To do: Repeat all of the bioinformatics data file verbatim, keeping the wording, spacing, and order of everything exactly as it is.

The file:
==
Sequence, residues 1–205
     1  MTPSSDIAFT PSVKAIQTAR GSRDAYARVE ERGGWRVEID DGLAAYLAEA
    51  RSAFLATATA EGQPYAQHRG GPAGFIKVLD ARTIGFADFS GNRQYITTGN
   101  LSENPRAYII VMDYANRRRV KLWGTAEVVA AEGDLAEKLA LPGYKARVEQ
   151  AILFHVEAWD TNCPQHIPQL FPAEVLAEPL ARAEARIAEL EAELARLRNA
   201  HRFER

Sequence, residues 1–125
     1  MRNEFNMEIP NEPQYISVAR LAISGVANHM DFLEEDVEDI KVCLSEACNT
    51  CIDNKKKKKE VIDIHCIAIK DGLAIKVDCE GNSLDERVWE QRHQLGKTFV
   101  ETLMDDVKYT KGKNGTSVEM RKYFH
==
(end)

Sequence, residues 1–205
     1  MTPSSDIAFT PSVKAIQTAR GSRDAYARVE ERGGWRVEID DGLAAYLAEA
    51  RSAFLATATA EGQPYAQHRG GPAGFIKVLD ARTIGFADFS GNRQYITTGN
   101  LSENPRAYII VMDYANRRRV KLWGTAEVVA AEGDLAEKLA LPGYKARVEQ
   151  AILFHVEAWD TNCPQHIPQL FPAEVLAEPL ARAEARIAEL EAELARLRNA
   201  HRFER

Sequence, residues 1–125
     1  MRNEFNMEIP NEPQYISVAR LAISGVANHM DFLEEDVEDI KVCLSEACNT
    51  CIDNKKKKKE VIDIHCIAIK DGLAIKVDCE GNSLDERVWE QRHQLGKTFV
   101  ETLMDDVKYT KGKNGTSVEM RKYFH